❤️❤️❤️ Thank you so much for posting thisI am 35, married (10 years!) and I've always been a "fencesitter" / I'm childfree by a combination of choice and some circumstances out of my controlI remember when I was in my late 20's how awful it felt to be alienated by parents in my workplace; in leadership meetings, people would make comparisons to raising their children, saying "you all know how it is, just like wrangling the kids..." and forget I was the only person in the room without that experiencePeople at work would say the most forward things, like "when you have your own littles.." or "don't wait!" or "it's the only way to have love and meaning in your life!" and I'd always struggle with how much I should explain; what if my colleagues didn't take me seriously because of my family status? I observed: Dads would get promoted, paid MORE and celebrated if they left the office early for kid pickup or a Lacrosse match; Moms would get demoted and pushed out of their jobs when they couldn't be available on short-notice; was I being cut off from promotions as an assumed potential maternity-leave flight risk?Even without my own kids, I *also* have family caregiving responsibilities; I take care of my husband, my grandmother, my niece, and am the emergency sitter / carpool driver for friends with kidsI've been learning to set better boundaries, but also to be grateful for the little perks of my experience; I really can fly out to any location on short-notice with less coordination; I don't have to pursue a role with a higher salary so I can budget for daycare; I can take super-big risks with my career if I wantYea, I may never know the Extreme Focus and Productivity Boost that comes from knowing you have to get your work done in the two hours before the bath-time routine... but I can also block off time on my calendar for my own needs without feeling guiltyAll this to say—I'm so sorry you're experiencing this. It doesn't actually get easier anytime soon. But, you're definitely not alone. We are absolutely multi-faceted and our time is our own. ❤️❤️❤️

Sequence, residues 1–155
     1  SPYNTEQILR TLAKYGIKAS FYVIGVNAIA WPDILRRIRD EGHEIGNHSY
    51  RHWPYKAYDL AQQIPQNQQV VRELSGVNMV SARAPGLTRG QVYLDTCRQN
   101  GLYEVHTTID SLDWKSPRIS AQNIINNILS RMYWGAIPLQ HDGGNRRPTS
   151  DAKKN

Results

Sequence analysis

I’m curious, why do you care about their opinions? It’s your life, none of their business. If you are facing discrimination because of this then that is serious and could potentially involve taking legal action or maybe just finding a better workplace. I think those kinds of people don’t have a life or are miserable, nobody who is happy is going around judging, being nosey and getting into other people’s personal life decisions.
I haven’t seen anyone say this so I’ll say it: just lie. Parents lie about their kids needs all the time to get out of things. You and your partner can do the same. Many people I’ve worked with lie about family obligations even if they don’t have kids. People like to see that others are family oriented even if child free. It’s unfortunate but necessary sometimes.
Hey, I so hear you.I am a parent but I was just at an event yesterday and everyone was talking about their kids--but not everyone there was a parent. The sense that parenting is the default path a woman should take can be really alienating.While I agree that defending one's boundaries are important, I also like to go for the path of ease when possible. It's a lot easier to say you can't attend something because you have something else going on.I can't work late because I have an event I need to be at at 6 tonight.That event can be your dinner with your partner but no one needs to know that!Saying "it's a thing" makes it feel like it's more of a solid commitment.And it maybe can inspire you two to do more 'things.' Take a trip away. Go to a swing dancing lesson.You dont have to... YOU are a thing. But it's a slight linguistic hack that makes it feel easier to set a boundary.